Saving for retirement should be a priority no matter your age. The earlier you begin planning, the bigger your nest egg and the sooner you can retire comfortably.
Unfortunately, most people don't start thinking about retirement until they're in their thirties or later, but putting funds into a retirement account in your twenties can mean extra thousands of dollars saved.
Even if you are in your forties or fifties, there's no time like the present to start saving.
If you have the luxury of starting young, develop healthy financial habits. Plan a monthly expense budget, pay your bills on time and contribute to a savings or retirement account.
Twenty-somethings have the advantage of making long-term investments and allowing savings interest to accumulate. Try to set a goal of saving 10% of your monthly paycheck and make your RRSP contributions automatic so you never have to think about transferring funds into your account.
Avoid borrowing from your RRSP once it's established and don't cancel those automatic contributions. Allowing your RRSP to ripen is the best possible thing you can do at this or any age.
By your thirties, you should bump up your RRSP contributions to 15 or right up to 18%. To err on the side of caution, consider other investments.
Buy commodities such as gold and silver. Precious metals are proven investments that will increase in value over the next twenty to thirty years.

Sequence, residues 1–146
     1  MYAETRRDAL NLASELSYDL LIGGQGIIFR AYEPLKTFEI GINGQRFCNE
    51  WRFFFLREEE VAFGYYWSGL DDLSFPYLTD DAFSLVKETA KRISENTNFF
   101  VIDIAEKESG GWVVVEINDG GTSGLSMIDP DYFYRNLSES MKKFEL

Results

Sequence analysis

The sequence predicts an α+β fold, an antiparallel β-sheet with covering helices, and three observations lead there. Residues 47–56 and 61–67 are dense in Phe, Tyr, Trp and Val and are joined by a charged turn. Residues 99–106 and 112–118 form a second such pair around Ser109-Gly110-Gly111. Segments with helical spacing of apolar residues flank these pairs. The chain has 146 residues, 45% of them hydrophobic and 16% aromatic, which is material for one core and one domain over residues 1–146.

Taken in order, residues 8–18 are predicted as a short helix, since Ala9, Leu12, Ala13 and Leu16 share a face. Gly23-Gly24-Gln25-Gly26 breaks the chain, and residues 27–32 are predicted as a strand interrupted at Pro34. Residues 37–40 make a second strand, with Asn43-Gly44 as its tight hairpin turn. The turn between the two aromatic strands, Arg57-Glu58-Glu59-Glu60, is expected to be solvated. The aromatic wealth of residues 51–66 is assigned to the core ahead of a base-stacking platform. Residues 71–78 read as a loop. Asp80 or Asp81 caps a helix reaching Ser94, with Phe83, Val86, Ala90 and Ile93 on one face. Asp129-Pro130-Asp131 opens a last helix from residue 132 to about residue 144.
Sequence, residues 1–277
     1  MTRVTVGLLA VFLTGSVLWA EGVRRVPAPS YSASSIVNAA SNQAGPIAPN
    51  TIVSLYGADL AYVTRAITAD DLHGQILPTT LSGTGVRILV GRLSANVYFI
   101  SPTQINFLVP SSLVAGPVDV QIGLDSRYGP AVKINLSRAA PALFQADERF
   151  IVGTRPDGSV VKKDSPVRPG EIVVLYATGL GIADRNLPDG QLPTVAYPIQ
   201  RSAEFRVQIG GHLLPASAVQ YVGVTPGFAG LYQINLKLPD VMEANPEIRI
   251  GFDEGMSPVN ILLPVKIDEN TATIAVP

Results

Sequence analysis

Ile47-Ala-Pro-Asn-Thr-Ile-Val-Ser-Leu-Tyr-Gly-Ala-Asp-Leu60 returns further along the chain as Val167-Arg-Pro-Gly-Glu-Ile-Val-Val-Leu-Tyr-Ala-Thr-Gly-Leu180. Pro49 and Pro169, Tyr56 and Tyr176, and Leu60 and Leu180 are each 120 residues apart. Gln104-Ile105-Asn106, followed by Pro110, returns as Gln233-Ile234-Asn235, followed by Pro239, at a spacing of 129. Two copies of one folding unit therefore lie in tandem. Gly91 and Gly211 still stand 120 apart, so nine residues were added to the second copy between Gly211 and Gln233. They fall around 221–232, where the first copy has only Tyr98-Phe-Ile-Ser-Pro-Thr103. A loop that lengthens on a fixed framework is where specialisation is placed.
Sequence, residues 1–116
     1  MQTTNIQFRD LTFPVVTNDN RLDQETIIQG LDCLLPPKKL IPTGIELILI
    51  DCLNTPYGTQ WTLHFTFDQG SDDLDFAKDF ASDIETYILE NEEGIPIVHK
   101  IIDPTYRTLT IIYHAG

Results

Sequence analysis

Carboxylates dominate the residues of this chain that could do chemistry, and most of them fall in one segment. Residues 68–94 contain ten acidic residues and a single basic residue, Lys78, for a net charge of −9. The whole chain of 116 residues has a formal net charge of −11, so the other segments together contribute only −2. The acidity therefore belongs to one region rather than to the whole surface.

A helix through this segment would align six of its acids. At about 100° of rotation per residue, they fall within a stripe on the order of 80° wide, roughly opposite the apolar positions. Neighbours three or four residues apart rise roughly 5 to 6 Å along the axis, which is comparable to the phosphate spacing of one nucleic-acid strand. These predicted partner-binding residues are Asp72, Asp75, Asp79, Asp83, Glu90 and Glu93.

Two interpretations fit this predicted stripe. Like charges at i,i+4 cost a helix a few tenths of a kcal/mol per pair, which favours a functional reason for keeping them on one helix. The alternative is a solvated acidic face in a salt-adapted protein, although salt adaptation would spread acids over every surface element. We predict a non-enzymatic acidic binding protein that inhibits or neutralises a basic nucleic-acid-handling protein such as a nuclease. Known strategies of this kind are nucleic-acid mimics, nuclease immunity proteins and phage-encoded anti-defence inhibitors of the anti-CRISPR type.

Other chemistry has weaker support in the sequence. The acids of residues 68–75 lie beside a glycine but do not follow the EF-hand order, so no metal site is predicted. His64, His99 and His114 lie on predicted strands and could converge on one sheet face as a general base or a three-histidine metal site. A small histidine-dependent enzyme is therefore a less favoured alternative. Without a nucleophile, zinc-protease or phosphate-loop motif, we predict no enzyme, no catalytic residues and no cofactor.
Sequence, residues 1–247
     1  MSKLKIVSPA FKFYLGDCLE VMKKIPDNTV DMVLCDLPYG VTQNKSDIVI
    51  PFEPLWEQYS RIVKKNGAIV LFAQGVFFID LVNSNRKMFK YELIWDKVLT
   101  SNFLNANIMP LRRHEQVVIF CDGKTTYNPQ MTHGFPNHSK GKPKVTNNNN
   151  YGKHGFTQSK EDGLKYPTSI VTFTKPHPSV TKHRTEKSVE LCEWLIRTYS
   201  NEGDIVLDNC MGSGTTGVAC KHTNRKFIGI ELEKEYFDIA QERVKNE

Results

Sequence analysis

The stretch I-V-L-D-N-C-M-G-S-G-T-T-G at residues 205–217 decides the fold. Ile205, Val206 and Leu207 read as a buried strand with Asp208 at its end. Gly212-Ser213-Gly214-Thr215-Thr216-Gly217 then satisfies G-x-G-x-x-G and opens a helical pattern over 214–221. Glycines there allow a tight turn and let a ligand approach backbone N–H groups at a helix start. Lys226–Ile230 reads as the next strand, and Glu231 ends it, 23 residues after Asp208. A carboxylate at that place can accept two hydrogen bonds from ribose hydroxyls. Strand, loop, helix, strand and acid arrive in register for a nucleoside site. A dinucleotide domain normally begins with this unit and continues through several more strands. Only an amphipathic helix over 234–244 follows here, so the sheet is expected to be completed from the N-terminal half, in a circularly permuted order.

You may also consider investing a specified portion of savings in the stock market or foreign exchange market, although these are riskier than most options.
If your portfolio takes a hit in the bad economy, don't panic. You still have time to let your funds accumulate again.
You've probably saved quite a bit of retirement money by your forties, but if you haven't started yet, do it now! The downside of starting late is that you need to contribute a bigger percentage of your income to your RRSP.
It isn't impossible to save enough beginning in your forties, but you may want to seek the advice of a financial adviser to see where you can invest without encountering much risk.
The same goes for beginning to save in your fifties. You already know you won't be able to retire by age 65, but if you plan it right and save smart, you can retire by your seventies.
Draw up a budget of your dream retirement. Do you plan to travel? How much would it cost if you needed to do home or car repairs? Can you afford your ideal lifestyle on the projected amount of savings in your RRSP?
If you began saving far too late in the game, reassess your retirement dreams. Would you mind working a part-time or consultant job for a few years after retirement? Can you comfortably live off less than you intended to?
No matter your age, set up a retirement savings account if you don't already have one and put aside every extra penny you can. Create a savings strategy based on your current situation and your future needs and enlist professional financial help if necessary.